Fire Engineering Training Community

Where firefighters come to talk training

 

 

I come from a rural area as you all know and often times we don’t quite have the staffing for an attack and a RIT team until the next due arrives which can be anywhere from 5 to 20 minutes, it just varies.

However I can recall fires where a RIT team deployed and helped the interior teams with their problems.

 

Many years ago there was a fire at a Limestone mine and the fire is in an underground basement of sorts it had a conveyor system that carried product from the bottom of the mine up to where it would go to the next process. Which was a cooking process of sorts’ great big ovens cooked this limestone why I don’t know I’m not a geologist. Anyhow this thing had sub levels and such and fuel wise it was all rubber belting and oils etc. nasty stuff.

The first in crew went ahead and made the push and got down there without any issues until they got down there in this cellar of sorts. The high heat had them baffled as to where the fire was located and with the smoke they were struggling to see anything (back before a tic was a readily available tool). The crew made the seat and started hitting it 2nd due arrived maybe 8 minutes behind first due (punched out at same time) they established RIT (2 guys) and sat at the opening of the building this cellar was in (basically a basement under a metal pole barn if you will). The interior team ran low on air and the heat had them disorientated as they turned around.  RIT team was deployed and they went in and got them out under their own actions basically they didn’t need dragging out. All went well fire was put out went good.

Another fire that stands out involved a loss of communications with the interior team and conditions getting worse so the RIT team (2 man) was sent in to see if they went down or wheir having troubles making the fire room etc. It was simply a case of communications error.

 

But these two stories hold a lot of info. Is a 2 man crew enough for a RIT team? Do we even need a RIT established?

 

The answers are simple yes we need a RIT team and at times you may only need 2 crew members but RIT is also there for the worst case scenario. And in that case is a 2 person team enough?

I am sure there are some out there who would be capable of dragging out a 300 pound firefighter but what about the smaller firefighters who don’t lift weights or do cross fit in their sleep?

 

Another thing I hear a lot of is that we can’t afford anyone to stand around waiting for a job to do (firefighter down). But do they really need to just stand around with nothing to do? There are always things to do.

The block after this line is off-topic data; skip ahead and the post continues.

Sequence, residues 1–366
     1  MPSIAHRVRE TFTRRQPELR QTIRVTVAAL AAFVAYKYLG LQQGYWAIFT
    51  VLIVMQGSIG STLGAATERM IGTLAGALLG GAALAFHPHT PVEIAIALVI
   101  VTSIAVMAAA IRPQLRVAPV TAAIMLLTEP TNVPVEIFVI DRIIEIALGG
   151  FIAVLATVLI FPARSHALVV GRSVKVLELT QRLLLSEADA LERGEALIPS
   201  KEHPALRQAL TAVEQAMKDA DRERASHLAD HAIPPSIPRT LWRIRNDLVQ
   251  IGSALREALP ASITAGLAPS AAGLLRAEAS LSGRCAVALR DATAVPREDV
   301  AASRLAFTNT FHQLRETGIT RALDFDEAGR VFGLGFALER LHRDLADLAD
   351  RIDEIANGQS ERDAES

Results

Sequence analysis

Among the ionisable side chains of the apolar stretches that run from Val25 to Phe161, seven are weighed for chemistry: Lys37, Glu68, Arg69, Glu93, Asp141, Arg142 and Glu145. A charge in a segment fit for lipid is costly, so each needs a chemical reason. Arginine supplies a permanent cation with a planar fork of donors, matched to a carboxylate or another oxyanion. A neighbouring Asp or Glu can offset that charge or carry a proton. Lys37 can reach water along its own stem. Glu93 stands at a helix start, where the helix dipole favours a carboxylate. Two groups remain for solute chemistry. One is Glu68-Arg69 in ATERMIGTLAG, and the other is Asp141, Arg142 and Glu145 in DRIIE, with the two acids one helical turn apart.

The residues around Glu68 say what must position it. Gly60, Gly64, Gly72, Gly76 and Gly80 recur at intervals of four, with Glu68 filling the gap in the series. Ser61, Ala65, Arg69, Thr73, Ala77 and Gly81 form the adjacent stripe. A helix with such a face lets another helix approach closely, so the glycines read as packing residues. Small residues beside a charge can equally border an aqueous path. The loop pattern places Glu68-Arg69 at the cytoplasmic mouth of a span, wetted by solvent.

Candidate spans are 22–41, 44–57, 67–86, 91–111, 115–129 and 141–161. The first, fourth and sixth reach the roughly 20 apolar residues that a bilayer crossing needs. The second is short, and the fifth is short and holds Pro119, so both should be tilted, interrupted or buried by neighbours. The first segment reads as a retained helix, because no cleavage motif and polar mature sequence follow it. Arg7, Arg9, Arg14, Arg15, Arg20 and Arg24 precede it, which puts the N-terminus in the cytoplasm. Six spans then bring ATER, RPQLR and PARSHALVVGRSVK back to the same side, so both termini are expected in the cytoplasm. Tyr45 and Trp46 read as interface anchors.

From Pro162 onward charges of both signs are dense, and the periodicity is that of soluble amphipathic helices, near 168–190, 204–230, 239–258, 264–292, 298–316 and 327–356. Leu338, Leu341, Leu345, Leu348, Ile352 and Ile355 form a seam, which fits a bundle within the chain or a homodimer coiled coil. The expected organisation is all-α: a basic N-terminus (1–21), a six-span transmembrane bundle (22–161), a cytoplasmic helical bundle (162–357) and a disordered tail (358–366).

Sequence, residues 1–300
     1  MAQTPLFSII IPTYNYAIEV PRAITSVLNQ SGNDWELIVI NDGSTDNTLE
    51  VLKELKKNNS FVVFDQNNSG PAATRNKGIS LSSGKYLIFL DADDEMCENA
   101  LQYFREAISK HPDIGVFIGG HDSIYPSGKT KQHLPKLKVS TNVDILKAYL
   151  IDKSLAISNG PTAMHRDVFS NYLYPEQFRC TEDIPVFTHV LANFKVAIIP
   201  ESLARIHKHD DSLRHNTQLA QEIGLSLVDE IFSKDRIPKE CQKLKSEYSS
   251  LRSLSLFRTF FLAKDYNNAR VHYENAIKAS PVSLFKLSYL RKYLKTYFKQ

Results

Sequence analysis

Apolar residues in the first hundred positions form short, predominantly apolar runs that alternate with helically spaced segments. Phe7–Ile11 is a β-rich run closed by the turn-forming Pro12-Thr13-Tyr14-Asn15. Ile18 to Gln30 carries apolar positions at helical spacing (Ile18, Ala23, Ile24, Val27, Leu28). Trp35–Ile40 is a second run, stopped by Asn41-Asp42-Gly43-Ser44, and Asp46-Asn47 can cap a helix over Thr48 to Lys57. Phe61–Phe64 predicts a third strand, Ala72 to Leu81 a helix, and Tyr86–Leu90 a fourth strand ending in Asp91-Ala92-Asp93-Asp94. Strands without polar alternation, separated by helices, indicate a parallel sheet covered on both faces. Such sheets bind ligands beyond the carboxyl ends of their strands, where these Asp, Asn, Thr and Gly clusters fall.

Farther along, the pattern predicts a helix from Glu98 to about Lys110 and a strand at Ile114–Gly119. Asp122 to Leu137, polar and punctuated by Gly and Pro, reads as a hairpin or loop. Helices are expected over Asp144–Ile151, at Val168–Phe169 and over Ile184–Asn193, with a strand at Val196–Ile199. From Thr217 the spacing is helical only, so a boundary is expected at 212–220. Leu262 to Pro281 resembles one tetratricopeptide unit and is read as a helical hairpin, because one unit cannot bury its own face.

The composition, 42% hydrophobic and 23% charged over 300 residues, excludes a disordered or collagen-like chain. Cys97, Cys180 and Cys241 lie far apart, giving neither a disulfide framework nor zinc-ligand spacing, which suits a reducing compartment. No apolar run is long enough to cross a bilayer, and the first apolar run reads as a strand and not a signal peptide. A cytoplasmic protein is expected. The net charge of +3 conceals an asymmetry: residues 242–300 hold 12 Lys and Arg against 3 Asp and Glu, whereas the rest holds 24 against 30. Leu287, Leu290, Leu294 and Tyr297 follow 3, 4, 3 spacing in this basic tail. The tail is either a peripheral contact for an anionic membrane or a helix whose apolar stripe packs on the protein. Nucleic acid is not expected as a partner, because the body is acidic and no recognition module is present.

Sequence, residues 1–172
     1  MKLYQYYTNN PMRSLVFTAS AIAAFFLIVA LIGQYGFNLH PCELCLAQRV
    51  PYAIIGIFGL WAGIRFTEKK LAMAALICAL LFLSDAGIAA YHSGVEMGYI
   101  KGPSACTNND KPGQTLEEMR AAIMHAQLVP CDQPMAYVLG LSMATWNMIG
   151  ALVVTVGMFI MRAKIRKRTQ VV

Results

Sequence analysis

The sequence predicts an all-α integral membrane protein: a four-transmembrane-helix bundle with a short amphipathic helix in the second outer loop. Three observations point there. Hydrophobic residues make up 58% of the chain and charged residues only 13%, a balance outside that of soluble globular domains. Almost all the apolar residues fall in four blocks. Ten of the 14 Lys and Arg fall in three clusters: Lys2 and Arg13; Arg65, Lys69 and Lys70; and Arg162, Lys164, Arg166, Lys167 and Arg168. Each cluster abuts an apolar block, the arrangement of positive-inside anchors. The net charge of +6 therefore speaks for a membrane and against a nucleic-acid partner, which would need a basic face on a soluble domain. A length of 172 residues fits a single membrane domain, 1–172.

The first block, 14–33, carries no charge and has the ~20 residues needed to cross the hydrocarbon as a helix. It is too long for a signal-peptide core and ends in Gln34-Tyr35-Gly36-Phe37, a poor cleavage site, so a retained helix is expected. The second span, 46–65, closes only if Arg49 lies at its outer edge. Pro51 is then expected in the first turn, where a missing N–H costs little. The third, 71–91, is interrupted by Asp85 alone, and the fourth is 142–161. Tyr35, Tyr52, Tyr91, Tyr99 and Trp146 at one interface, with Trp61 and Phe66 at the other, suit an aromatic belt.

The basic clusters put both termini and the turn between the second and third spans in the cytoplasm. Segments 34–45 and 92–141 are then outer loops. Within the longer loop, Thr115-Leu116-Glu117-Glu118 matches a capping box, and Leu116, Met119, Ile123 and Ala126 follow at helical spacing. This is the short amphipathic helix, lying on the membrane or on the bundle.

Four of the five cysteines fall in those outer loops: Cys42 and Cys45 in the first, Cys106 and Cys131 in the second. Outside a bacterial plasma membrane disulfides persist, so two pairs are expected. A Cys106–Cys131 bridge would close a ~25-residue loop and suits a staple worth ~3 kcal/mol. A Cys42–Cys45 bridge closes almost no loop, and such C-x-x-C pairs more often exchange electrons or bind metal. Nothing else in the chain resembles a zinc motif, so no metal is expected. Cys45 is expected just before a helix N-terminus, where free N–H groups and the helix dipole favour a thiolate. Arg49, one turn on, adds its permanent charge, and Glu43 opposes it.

I remember a fire I was on where the RIT team did exposure protection while the first interior line did there thing. The house might need “softening”. They may be able to help with PAR accounts at the fire door ready to go in if need be but the point is there are a lot of things to do, so ask yourself, “If they do this task will it hinder their response or work as the RIT team?

So how many are too few and how many are too many for a RIT team? In rural America to get a FDNY fast truck you’re going to likely need two trucks to get that staffing. Is it possible? Sure. But how fast will it take to get that staffing? That is an entirely different story. The best thing to do is call for your mutual aid early and often. Remember you can always cancel them if it turns out to be nothing.

At the end of the day thou the thing to keep in mind if you don’t have the staffing is be crafty. Can I hit it from the yard? If I do what is that going to do to the interior areas? Is this a room and contents or a fully involved house? Do I want the responsibilities of ordering an interior attack without having a RIT team in place and something going wrong?

 

Remember prep for the worst at your fires don’t be afraid to call for help early and often.

Views: 1675

Comment

You need to be a member of Fire Engineering Training Community to add comments!

Join Fire Engineering Training Community

Comment by Will Ellis on October 2, 2014 at 4:48pm
Prevention is the best medicine.
Comment by Chris Willis on October 2, 2014 at 4:32pm
I completely agree Will.
Thanks for sharing.
Comment by Will Ellis on October 2, 2014 at 4:12pm

RIT personnel could also do thing to help prevent by lighting exit points with portable lighting, laddering 2nd floor windows, walk arounds looking and possible collapse or signs of firefighter distress. 

Policy Page

CONTRIBUTORS NOTE

Our contributors' posts are not vetted by the Fire Engineering technical board, and reflect the views and opinions of the individual authors. Anyone is welcome to participate.

For vetted content, please go to www.fireengineering.com/archives.

Fire Engineering Editor in Chief Bobby Halton
We are excited to have you participate in our discussions and interactive forums. Before you begin posting, please take a moment to read our policy page HERE. -- Bobby Halton

Be Alert for Spam
We actively monitor the community for spam, however some does slip through. Please use common sense and caution when clicking links. If you suspect you've been hit by spam, e-mail peter.prochilo@clarionevents.com.

FE Podcasts

Tuesday

Generation Engine

with

Anthony Rowett, Todd Edwards, and Joe Ficarelli

CALL IN AND JOIN THE SHOW

1-877-497-3973 (Toll Free)
or 1-760-454-8852

Check out the schedule of
UPCOMING PODCASTS

© 2019   Created by fireeng.   Powered by

Badges  |  Report an Issue  |  Terms of Service